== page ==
With both an international and national reputation, The Webb School's Fine Arts program is admired for the breadth of its course offerings and the outstanding quality of the school's faculty. Upper level students at Webb (grades 9-12) are required to take one class in the Fine Arts each year, three of which must be in a different area of the Fine Arts. The faculty members, who have degrees from some of America's finest conservatories and universities, give their students both outstanding instruction (in private lessons and classes) and insiders' views of the fine arts as working professionals.
Webb's creativity takes place among the 11,000 square feet of halls and classroom that comprise the Lundin Fine Arts Center. This facility features a choir room, piano lab with 12 pianos, string ensemble room, recording studio, theatre room for drama classes and rehearsals, individual practice rooms, an art gallery and a 4,000 square-foot room that houses two and three dimensional art classrooms.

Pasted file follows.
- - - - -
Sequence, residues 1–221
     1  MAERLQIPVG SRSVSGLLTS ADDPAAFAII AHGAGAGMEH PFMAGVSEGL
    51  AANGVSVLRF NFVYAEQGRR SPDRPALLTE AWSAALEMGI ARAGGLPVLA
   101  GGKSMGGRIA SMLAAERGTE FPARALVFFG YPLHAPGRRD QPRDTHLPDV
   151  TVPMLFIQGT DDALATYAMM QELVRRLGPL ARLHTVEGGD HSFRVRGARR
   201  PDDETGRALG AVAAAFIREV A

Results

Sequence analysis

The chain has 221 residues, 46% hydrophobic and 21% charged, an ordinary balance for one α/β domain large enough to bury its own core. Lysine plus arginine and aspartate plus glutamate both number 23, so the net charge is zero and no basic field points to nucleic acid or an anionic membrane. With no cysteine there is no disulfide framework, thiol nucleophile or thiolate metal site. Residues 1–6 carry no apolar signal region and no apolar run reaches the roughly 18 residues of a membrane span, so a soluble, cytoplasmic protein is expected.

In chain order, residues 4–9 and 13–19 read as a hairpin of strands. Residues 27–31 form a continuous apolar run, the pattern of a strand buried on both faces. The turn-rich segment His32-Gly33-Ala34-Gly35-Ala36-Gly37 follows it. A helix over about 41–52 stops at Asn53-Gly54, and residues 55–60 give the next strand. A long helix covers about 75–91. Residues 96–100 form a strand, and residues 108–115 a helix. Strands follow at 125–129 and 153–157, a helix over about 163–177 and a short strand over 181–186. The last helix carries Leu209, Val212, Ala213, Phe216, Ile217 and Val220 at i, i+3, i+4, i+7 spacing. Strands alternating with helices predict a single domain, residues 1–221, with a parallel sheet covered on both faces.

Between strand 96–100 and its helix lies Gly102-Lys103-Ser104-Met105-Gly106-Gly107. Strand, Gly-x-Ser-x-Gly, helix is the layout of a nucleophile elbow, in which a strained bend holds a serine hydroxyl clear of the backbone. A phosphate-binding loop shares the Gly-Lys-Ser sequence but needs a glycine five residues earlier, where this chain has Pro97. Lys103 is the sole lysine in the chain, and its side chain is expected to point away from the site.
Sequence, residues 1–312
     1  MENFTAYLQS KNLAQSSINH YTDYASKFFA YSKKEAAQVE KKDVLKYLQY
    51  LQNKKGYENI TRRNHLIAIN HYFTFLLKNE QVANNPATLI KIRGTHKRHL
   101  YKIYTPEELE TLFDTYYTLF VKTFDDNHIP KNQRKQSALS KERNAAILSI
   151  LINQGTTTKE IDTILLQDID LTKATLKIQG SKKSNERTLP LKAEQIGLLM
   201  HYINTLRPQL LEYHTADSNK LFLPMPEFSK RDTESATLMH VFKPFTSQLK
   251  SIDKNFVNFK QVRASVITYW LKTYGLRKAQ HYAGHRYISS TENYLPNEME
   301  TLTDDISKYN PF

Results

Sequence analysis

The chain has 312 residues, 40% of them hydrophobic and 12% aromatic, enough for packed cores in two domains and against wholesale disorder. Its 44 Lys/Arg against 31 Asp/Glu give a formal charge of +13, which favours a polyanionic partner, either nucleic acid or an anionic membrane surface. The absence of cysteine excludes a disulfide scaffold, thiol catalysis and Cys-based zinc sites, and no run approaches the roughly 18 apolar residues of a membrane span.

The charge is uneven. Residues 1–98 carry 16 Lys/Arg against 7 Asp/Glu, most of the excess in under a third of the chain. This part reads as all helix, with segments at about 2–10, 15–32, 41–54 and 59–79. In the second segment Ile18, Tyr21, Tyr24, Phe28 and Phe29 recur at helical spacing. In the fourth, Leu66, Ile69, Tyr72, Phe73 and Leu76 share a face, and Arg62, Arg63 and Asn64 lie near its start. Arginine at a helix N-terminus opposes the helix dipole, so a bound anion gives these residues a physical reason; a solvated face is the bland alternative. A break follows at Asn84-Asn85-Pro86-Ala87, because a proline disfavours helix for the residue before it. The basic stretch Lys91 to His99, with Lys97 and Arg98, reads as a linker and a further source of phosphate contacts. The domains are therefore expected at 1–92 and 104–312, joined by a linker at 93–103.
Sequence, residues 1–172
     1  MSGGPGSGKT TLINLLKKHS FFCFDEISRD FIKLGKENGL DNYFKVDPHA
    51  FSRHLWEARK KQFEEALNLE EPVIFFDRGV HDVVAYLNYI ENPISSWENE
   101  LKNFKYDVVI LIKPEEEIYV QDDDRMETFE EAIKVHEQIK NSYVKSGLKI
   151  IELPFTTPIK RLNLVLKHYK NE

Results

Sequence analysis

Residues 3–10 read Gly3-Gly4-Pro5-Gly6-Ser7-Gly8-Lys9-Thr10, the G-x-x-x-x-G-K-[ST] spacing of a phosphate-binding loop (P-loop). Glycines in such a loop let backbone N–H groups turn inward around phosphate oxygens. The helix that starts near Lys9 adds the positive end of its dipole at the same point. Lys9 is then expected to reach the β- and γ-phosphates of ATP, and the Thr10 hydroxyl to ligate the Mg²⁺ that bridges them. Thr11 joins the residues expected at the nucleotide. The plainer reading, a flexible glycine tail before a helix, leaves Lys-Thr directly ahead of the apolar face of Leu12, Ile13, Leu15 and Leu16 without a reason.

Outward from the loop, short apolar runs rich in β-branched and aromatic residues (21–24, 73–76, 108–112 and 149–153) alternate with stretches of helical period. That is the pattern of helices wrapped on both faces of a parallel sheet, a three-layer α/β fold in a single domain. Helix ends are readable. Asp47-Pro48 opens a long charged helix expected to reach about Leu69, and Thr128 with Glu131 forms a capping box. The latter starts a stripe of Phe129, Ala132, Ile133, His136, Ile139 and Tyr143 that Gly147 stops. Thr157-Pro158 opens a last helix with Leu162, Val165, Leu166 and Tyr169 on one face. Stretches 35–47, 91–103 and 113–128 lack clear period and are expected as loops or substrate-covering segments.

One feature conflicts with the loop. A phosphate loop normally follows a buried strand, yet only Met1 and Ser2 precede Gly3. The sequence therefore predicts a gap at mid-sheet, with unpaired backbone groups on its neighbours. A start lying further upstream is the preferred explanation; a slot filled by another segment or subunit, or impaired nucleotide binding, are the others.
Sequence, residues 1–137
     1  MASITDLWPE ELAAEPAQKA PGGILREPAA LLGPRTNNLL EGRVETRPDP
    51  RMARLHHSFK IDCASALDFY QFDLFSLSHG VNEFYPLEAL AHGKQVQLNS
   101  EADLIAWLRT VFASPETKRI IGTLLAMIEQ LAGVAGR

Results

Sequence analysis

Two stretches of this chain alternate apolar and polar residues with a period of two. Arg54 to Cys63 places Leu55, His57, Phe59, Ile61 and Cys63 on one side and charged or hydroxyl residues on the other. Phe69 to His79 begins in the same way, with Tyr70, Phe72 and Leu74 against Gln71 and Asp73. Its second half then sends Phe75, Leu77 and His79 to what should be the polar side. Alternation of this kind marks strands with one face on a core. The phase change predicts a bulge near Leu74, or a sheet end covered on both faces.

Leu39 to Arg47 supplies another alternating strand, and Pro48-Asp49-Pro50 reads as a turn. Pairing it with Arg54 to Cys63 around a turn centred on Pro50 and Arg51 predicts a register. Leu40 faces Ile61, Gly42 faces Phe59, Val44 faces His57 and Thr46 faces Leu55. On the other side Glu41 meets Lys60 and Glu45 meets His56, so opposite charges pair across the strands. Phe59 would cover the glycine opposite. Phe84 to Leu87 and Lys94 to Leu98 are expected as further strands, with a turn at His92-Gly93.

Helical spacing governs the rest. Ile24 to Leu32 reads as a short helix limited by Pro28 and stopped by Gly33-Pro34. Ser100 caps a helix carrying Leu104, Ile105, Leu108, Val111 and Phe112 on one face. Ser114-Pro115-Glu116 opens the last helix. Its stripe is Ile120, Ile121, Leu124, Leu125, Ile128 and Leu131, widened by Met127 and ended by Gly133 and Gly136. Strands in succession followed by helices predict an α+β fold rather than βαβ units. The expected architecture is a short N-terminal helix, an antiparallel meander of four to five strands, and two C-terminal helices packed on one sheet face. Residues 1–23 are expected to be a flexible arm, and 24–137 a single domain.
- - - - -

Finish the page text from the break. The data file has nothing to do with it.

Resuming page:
With two full productions a year, rehearsals three to five days a week, classes in beginning and advanced levels of acting and theater, one-act productions, and trips to see plays in Nashville, The Webb School is the perfect place to study theatre. Under the guidance of a director and technical director, students run every part of the major productions. Plus, Webb's Theatre Department belongs to the International Thespian Society, honoring student achievement in theatre for more than 80 years and has a membership of over two million, from pre-professional thespians to emeritus levels.
Ruth Cordell serves as Webb's Theatre Director. A recognized actress with 35 years of experience in television, film and theater, Ms. Cordell works closely with Webb students both as a director and teacher of speech, theater, and acting. Under her direction, Webb Students have been invited to perform at the internationally acclaimed "Fringe Festival" in Edinburgh, Scotland. Ms. Cordell is member of the Screen Actors Guild-American Federation of Television and Recording Artists and Actors' Equity Association. A working actress, Ms. Cordell most recently appeared in the Tennessee Repertory Theatre's productions of "Cabaret" and "All My Sons".